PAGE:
So I was out quicker than I’ve ever been in a half marathon. So you’re tired and by yourself and then it’s by far the hardest part of the course, so I was slowing down and didn’t necessarily feel great. I didn’t feel like I was bonking or hitting a wall, I was just slowing down and facing the difficult sections. I’m not a tremendous hill runner to begin with, so all those factors led to some slow miles, which was anticipated. I didn’t necessarily think I would crush that section but I also thought I would run a little bit faster.
I thought I’d slow down to an average 5:05 to 5:10 pace during that section, but I was a little bit slower than that. That was a little bit disappointing. When they passed me, we were pretty close to the top of [Newton’s] Heartbreak Hill, and I was able to accelerate and go with them a little bit. They still kinda’ dropped me, but I was able to keep them in sight.
Then on the downhill, I was close enough that I was like, “Okay I can catch them.” So I just ran as hard as I could just to get back up to the pack, and I got re-engaged. I got back into second, and then we hit more of a flat section and everyone dropped me again, but I was still close and around everybody. I was just basically racing from there and trying to beat as many people as possible. And at that point, it’s just all adrenaline and just fighting for every spot. It was definitely fun — the last five miles were really fun just battling with really fast guys.
iRunFar: It looked like you really had to fight to stay in the top 10. What was the final mile like?
Albertson: At one point, I was in 16th. But I knew guys would come back in the last mile. In every race I’ve done, I’ve caught people in the last mile, so I was just like, “Okay, I can be top 10 if I can catch some people.” They really didn’t come back to me until the very end. I think I passed one on the turn on to Boylston [Street, the street on which the race finishes.] Then coming down the homestretch I caught three people. And I didn’t exactly know if I finished 11th or 10th. When I found out I was 10th, I was like, “Thank goodness.”
iRunFar: One of our readers who has followed your running career commented that you are “a mental monster.” How would you respond to that?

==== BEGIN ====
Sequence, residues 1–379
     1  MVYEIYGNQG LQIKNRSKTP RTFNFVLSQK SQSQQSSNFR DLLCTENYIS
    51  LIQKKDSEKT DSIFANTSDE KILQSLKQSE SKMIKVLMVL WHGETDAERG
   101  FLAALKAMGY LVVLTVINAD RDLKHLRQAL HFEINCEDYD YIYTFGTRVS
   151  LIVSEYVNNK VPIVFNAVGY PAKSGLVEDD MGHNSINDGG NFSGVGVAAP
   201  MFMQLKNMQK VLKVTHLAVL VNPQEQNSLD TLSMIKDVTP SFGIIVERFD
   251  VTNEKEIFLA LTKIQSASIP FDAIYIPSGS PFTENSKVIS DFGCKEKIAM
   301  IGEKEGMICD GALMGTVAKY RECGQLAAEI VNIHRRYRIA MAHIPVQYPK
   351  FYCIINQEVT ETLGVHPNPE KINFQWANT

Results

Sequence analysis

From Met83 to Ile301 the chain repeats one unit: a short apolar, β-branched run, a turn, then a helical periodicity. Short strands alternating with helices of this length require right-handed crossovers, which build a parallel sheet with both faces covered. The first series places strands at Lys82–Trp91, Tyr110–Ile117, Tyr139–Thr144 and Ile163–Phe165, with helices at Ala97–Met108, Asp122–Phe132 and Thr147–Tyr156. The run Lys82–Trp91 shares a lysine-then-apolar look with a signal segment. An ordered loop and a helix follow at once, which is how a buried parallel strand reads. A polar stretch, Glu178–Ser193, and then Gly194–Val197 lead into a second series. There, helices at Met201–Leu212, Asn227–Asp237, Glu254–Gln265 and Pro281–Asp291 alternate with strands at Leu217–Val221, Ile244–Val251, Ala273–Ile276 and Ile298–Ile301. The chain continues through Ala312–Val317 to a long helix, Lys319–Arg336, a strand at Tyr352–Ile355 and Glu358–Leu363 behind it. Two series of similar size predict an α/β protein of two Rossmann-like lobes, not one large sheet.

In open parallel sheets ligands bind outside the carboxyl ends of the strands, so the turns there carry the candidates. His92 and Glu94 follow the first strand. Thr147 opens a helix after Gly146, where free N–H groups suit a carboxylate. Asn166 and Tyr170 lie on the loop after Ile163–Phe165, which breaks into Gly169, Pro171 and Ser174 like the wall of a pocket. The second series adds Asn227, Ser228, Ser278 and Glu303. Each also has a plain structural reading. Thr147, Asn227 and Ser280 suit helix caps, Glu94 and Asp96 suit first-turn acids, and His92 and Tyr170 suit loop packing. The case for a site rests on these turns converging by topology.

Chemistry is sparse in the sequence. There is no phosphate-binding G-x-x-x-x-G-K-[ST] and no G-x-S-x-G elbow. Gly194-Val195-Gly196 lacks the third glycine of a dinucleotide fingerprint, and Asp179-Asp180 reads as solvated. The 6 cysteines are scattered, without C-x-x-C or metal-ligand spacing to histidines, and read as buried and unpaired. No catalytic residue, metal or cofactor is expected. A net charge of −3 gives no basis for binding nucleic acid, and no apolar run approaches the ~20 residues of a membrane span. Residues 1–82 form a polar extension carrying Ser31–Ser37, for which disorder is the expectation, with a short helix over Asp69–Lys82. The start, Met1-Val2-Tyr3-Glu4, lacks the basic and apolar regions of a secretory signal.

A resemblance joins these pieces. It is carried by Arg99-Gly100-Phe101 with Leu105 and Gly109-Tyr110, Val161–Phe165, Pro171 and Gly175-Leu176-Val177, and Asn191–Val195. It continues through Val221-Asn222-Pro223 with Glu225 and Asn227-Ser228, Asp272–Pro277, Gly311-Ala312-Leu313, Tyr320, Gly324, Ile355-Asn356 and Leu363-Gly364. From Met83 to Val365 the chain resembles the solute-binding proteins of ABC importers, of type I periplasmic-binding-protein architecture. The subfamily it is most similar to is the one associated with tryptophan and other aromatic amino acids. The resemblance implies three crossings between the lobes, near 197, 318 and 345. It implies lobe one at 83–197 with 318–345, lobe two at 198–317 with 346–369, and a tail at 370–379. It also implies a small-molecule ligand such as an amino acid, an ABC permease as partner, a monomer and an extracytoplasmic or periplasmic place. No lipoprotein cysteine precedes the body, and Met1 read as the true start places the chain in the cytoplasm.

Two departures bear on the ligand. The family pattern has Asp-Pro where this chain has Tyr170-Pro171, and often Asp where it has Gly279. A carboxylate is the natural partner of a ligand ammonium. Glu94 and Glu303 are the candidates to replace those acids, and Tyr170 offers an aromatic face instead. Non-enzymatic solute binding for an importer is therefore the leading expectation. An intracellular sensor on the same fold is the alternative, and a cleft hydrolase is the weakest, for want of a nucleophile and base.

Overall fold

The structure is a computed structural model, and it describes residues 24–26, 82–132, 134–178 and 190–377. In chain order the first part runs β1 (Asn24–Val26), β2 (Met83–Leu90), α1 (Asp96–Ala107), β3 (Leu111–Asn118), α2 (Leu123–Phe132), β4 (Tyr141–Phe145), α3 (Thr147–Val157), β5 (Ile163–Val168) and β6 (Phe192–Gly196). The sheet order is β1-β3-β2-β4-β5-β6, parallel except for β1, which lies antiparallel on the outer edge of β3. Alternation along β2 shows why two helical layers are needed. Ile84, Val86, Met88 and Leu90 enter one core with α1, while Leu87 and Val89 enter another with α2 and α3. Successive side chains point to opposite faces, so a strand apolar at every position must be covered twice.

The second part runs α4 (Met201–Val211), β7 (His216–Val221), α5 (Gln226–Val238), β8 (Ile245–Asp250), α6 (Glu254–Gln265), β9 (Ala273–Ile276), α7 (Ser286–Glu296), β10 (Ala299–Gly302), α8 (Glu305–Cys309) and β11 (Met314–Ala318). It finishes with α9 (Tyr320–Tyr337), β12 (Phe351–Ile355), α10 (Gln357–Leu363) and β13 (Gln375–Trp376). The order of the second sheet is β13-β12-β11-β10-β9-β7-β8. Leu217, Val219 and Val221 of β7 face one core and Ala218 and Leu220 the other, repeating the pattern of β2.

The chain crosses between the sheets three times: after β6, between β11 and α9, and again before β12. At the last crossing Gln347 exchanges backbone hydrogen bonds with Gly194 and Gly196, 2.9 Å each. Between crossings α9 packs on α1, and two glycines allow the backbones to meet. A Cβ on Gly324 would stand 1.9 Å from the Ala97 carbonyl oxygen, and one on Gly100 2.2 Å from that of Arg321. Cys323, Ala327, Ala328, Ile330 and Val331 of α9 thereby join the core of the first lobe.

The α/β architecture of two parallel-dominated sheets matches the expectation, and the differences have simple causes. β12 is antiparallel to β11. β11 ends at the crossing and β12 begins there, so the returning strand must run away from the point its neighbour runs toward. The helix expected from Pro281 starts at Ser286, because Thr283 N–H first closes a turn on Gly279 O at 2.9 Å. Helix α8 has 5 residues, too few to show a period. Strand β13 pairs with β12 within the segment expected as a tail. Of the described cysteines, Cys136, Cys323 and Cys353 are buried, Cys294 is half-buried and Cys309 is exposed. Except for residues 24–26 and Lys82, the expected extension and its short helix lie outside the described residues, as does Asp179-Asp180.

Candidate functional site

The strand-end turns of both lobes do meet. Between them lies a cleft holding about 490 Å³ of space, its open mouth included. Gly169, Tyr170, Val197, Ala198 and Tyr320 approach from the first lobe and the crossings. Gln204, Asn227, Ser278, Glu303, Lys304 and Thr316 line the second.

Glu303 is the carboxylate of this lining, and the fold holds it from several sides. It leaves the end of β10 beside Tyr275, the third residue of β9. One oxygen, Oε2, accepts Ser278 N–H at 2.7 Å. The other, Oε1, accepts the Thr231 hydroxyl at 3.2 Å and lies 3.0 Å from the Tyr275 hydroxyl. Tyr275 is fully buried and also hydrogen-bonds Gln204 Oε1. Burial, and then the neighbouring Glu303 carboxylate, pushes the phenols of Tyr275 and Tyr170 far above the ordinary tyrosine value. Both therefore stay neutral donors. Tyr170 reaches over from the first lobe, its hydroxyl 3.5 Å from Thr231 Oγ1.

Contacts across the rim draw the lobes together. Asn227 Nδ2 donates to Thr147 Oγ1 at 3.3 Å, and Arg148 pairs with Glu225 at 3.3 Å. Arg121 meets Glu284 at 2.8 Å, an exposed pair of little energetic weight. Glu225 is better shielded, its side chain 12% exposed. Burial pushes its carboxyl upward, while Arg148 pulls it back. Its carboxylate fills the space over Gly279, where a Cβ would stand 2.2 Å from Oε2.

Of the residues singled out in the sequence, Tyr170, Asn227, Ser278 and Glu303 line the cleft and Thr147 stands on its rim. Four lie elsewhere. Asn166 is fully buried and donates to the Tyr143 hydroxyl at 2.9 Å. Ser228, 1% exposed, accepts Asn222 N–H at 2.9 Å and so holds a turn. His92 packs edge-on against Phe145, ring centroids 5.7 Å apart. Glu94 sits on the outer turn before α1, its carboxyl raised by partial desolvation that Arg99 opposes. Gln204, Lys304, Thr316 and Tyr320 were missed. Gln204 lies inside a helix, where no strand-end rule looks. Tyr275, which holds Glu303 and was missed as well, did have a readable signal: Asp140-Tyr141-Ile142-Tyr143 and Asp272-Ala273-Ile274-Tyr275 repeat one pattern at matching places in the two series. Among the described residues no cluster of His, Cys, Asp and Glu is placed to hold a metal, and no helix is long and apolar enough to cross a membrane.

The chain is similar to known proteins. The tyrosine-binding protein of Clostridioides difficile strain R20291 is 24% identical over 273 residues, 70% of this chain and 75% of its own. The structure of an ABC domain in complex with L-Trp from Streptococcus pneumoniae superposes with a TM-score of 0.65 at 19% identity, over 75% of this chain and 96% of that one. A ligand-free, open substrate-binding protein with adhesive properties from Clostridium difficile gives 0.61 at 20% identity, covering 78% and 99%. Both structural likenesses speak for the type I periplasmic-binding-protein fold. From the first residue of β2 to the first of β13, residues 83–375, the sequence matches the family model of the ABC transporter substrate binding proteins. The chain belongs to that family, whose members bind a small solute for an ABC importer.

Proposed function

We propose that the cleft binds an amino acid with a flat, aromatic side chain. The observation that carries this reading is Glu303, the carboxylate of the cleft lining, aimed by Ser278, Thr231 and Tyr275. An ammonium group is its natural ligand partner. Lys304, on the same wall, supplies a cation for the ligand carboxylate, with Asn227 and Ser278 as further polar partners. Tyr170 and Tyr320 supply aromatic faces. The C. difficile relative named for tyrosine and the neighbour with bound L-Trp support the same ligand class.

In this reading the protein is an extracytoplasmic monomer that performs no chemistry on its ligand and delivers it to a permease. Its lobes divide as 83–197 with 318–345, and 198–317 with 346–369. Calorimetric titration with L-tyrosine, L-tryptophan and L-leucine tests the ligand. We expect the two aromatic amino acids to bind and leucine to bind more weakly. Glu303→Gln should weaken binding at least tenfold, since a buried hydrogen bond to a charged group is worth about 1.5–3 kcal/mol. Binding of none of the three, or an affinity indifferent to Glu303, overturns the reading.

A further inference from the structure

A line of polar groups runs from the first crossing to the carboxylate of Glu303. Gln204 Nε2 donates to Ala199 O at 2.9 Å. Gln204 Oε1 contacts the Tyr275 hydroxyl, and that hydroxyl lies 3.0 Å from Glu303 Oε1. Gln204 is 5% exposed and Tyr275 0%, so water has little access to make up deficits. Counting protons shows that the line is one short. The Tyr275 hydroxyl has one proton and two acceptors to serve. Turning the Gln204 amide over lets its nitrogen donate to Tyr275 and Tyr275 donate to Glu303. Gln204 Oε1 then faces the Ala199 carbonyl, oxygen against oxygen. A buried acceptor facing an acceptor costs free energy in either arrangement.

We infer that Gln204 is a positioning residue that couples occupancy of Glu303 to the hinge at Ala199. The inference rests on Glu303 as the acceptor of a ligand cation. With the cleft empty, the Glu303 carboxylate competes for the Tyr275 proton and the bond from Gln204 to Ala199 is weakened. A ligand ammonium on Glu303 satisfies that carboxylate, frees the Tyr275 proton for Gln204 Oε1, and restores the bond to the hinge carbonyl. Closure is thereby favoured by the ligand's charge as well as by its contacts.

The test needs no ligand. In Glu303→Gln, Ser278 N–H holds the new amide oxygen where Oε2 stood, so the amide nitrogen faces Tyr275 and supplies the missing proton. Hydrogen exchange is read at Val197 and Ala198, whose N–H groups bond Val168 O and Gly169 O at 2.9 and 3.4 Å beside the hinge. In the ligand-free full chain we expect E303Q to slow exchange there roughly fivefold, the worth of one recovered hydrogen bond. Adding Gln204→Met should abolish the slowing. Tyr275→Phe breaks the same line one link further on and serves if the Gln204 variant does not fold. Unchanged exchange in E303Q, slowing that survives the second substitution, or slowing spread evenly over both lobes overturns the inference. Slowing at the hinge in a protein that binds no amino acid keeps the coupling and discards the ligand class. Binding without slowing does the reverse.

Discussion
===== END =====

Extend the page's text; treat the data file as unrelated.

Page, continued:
Albertson: I think people interpret that [in] different ways. I don’t think that I endure pain for a long time, because I don’t really think that’s possible. I think that I don’t feel it. I put myself in the position and the mind frame where it’s fun. So a lot of the training or the types of challenges that I do that people would be like, “Oh that takes a lot of mental strength.” In my mind and in the mindset that I am in, it’s just fun.
I enjoy doing it and it’s almost comfortable in a way. And in a marathon, you kind of have to be comfortable. If you’re in pain from mile one you’re having an awful race. So for the most part, I’m feeling good and comfortable. That’s why I was engaging with the crowd [at Boston]. I was running by myself and some people would say, “Oh that’s so hard to run by yourself for 21 miles,” but I do that every week. All my miles are solo because I train by myself so that’s nothing new to me. But also, leading the Boston Marathon, I was talking, waving, doing weird stuff with the crowd the whole race — that was a once-in-a-lifetime thing, that was so fun.
And then when guys passed me, I guess that could be mentally demoralizing, but the way I look at it is I only have five miles left and I’m running with 14 guys who have run between 2:04 and 2:08 so that’s pretty fricking awesome. Five miles to go, and I just get to bang it out with guys that, on paper, I shouldn’t even be near. And so why does it take mental strength to do something that’s so awesome? It’s just fun — you would want to do it. I’m not battling pain or tough situations, I’m just engulfed in fun and enjoyment and the challenges of whatever I’m doing.
iRunFar: Based on all the Boston coverage, it seems like your race really captivated people even though you weren’t able to hold on for the win. Why do you think that is?
Albertson: It is weird. Because I’m such a statistician and realistic person, it’s like, okay, I went out in 64:08 for a downhill half marathon, so basically I went 2:08:20 [marathon] pace with the first half being significantly downhill. And 20 of the other guys had faster PRs than that. So it’s not like I did anything that is crazy or different or weird or exceptional in any way. In other years, I could have gone out at that same pace and been 25th. So when I look at it from my perspective, it’s like I didn’t do anything that out of the ordinary. Everyone else just ran weird and super slow at the beginning for no reason, and I just ran normal, how I think you should run.
I always try to think what would I have thought if I were watching myself run. Honestly, I think I would have been excited to see an American leading and having that big of a lead. I understand the part about it being exciting, and I tried to make it exciting for the crowd, because the more excited they were, it was just going to help me more.